Advisory Group | Grupo Asesor
Advisory Group (English) / Grupo Asesor (Español)
To assure the independence of the Mission, a multi-sector Advisory Group has been established composed of leaders recognized for their experience and knowledge in subjects related to the work of the mission. The advisors are individuals of recognized integrity who review and advise on key aspects of the mission, including its financial records and report.
The members of the Advisory Group were selected as individuals, and not as representatives of organizations or associations. They were invited by Team Leader Tim Martin to participate and signed an agreement with RESOLVE for this purpose.
The members of the Advisory Group reviewed and commented on the terms of reference of the mission, its program of work, the risk assessment and mitigation plan, and the draft report, including its conclusions. The financial records of the mission will also be provided for their review.
The Advisory Group is composed of:
Gino Costa, President, Ciudad Nuestra
Gino Costa is President of Ciudad Nuestra. He is an international consultant in public and citizen security with more than 25 years of experience, professor of the Master’s program of the Government and Public Administration of the University of San Martín de Porres, and weekly columnist of the newspaper El Comercio. Dr. Costa is also Lieutenant Mayor of the Municipality of Miraflores in Lima and member of the Latin American Group of the Interamerican Dialogue, headquartered in Washington, D.C. Since 2007, he has led Ciudad Nuestra, a centre for public policy on security. In 2009, as an independent expert, he conducted a comprehensive review of the security and human rights policies of Yanacocha/Newmont in the framework of the Voluntary Principles on Security and Human Rights. He studied law at the Catholic University of Peru and contemporary history at Cambridge University in England, from which he obtained his doctorate in 1987. He worked at the United Nations Centre for Human Rights in Geneva and in peace missions in Nicaragua, Honduras and in El Salvador, where he participated in the creation of the new civilian police force. In Peru, he participated in the creation of the national Ombudsman office and subsequently served as Deputy Ombudsman for human rights. Subsequently, he was President of the National Penitentiary Institution, as well as Vice-Minister and Minister of Interior. He has published twenty books and many articles in national and international journals.
Deanna Kemp, Professor, The University of Queensland
Deanna Kemp is an Associate Professor at the Centre for Social Responsibility in Mining (CSRM), part of the Sustainable Minerals Institute (SMI) at the University of Queensland (UQ), Australia. Deanna has worked on mining and community relations issues for 17 years, in academic, corporate, operational, and external advisory roles. At CSRM she leads an international programme of work that focuses on company-community conflict, displacement and resettlement, and human rights and development. She currently serves on the International Council of Mining and Metals’ (ICMM) New Member Review Panel, the Advisory Board for the Institute for Human Rights and Business (IHRB) and is a member of the International Association of Impact Assessment (IAIA). In March, 2016, at the request of the Mission Director, Professor Kemp completed her work on the Advisory Group, and instead supported the Mission Team to write the final report.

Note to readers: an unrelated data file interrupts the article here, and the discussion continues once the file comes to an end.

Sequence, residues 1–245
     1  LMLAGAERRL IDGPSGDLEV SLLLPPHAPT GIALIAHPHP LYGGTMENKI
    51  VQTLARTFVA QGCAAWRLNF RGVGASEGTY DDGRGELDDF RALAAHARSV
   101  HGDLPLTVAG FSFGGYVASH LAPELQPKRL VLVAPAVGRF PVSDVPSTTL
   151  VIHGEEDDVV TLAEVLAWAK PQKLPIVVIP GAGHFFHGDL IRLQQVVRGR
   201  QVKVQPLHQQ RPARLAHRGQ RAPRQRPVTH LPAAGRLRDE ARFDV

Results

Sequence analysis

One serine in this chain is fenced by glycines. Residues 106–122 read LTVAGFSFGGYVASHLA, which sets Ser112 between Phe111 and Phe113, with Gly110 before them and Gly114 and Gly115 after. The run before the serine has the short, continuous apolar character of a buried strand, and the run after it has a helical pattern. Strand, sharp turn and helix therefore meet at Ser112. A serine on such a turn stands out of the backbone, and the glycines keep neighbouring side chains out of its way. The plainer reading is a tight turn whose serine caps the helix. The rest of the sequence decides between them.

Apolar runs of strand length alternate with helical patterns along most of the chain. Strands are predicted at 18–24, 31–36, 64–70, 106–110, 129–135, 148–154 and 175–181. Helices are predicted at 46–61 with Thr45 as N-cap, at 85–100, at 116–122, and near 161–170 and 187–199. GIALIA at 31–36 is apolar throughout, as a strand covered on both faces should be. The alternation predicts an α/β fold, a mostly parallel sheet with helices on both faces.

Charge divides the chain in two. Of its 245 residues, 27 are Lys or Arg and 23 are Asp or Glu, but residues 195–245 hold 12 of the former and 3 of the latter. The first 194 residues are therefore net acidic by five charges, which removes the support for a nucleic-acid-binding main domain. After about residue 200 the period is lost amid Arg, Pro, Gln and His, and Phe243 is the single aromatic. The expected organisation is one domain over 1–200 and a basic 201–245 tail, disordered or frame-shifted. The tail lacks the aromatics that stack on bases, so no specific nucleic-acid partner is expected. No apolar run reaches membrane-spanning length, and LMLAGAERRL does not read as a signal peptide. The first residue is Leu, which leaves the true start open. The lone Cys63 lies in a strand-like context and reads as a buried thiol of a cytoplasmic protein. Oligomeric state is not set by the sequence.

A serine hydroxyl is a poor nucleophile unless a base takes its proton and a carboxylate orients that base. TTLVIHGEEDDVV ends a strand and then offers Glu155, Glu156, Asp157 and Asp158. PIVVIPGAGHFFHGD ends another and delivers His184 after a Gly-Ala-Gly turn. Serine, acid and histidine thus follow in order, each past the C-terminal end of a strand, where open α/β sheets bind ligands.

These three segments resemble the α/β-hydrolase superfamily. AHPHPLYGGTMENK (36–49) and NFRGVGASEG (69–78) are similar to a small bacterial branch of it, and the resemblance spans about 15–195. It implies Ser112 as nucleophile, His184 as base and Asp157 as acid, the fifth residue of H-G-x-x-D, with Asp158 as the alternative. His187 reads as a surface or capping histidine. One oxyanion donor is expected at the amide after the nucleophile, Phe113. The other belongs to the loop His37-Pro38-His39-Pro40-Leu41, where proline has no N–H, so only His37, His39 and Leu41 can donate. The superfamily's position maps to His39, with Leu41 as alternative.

Carlos Monge*, Latin America Director, Natural Resources Governance Institute
Carlos Monge is Latin America Director of the Natural Resources Governance Institute (NRGI). From 2002 to 2005, Dr. Monge worked with Grupo Propuesta Ciudadana (GPC) – an institution dedicated to promoting decentralization as a participative process – as the Director of Citizen Vigilance and Promotion of Participation programs and finally as Director of Communications. He is the author of several publications on issues related to rural development, social movements, decentralization, citizen participation and conflicts generated by extractive industries. In addition to serving as NRGI Regional Coordinator for Latin America, he is also a Senior Researcher for the Peru Center for the Study and Promotion of Development, DESCO. He works on extractive sector transparency issues with numerous civil society organizations and has been a member of the international board of the Extractive Industries Transparency Initiative.
Carlos holds a degree in Anthropology from the Pontifical Catholic University of Peru and Ph.D. in History from the University of Miami.
Anthony Bebbington*, Professor, Clark University
Anthony Bebbington is Higgins Professor of Environment and Society and Director of the Graduate School of Geography at Clark University. He is also a Research Associate of the Centro Peruano de Estudios Sociales, Peru and a Professorial Research Fellow at the University of Manchester. He is a member of the US National Academy of Sciences, and has held fellowships from the Center for Advanced Studies in the Behavioral Sciences, Stanford, the Free University and Ibero-American Institute of Berlin, the UK Economic and Social Research Council, the United Nations Food and Agricultural Organization, the Fulbright Commission and the Inter-American Foundation. Tony’s work addresses the political ecology of rural change with a particular focus on extractive industries and socio-environmental conflicts, social movements, indigenous organizations, and livelihoods. He has worked throughout South and Central America, though primarily in Peru, Ecuador and Bolivia, and more recently in El Salvador. See the following websites for more on this research:
On July 8, 2016, Dr. Bebbington informed RESOLVE of his withdrawal from the Advisory Group.